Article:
What It Means for Your Professional Services Firm
Now, I get it. A lot of professional services firms are skeptical of digital technologies, marketing automation and really data in general. Much of their success has been built by establishing deep client relationships and leveraging those over years. But, if a Presidential candidate can use data to shift his chances from less than 8% to sitting in the Oval Office in less than 3 weeks and to win an election in which he lost the popular vote by over 200k people, I think it’s time you seriously took notice.
How many times have you lost a deal only to be told something along the lines, “everyone agreed that you were the best choice, but we went with X because…” I’m willing to bet that you could’ve predicted that outcome with behavioral data long before it happened. Data should be a lever you use to dramatically improve your chances of winning your next project pursuit.
As I’ve written before, we’re in the early stages of a large client transition. The decision-makers you’ve worked with for over a decade are being replaced by a new generation of senior executives. This group is more likely to hire based on knowledge and expertise. More willing to reach across geographies to find solutions to their problems. And, more likely to leverage digital technologies to seek, select, vet and hire professional firms. Those digital activities leave a trace. One you can study to improve your chances of attracting clients and winning new business. You’d be foolish not to look.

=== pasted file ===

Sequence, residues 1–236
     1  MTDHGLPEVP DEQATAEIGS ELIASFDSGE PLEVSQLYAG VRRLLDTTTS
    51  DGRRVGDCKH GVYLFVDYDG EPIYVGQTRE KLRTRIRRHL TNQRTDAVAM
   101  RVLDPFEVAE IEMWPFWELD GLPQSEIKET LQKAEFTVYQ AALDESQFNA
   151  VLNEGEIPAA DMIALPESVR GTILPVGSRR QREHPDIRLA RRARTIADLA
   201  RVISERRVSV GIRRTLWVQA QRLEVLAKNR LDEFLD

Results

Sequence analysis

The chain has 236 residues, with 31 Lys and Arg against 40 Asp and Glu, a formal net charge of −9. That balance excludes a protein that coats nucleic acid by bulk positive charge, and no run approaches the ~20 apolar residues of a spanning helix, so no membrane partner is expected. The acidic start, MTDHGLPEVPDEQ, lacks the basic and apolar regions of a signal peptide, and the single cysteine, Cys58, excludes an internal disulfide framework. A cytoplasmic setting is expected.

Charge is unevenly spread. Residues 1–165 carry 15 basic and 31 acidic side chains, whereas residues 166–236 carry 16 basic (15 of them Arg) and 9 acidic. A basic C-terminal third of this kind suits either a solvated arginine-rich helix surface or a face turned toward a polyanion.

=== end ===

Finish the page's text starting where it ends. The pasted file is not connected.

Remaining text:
Now is the time to get serious about content and digital marketing. To understand how to use data. To study and understand networks. To invest in marketing technologies like marketing automation and CRM. And, to do everything you can to ensure your firm is a digital marketing leader in the years ahead.
Love him or despise him, during this election cycle, Donald Trump proved himself to be a very talented marketer and communicator. He knew his audience, he spoke to their pain, and his team leveraged networks and data to bring home the win.
As a professional services marketer, I hope this gets you thinking more deeply about the positioning of your firm, the big fundamental business problems you solve, and the investments you’ll need to make to become a digital marketing leader.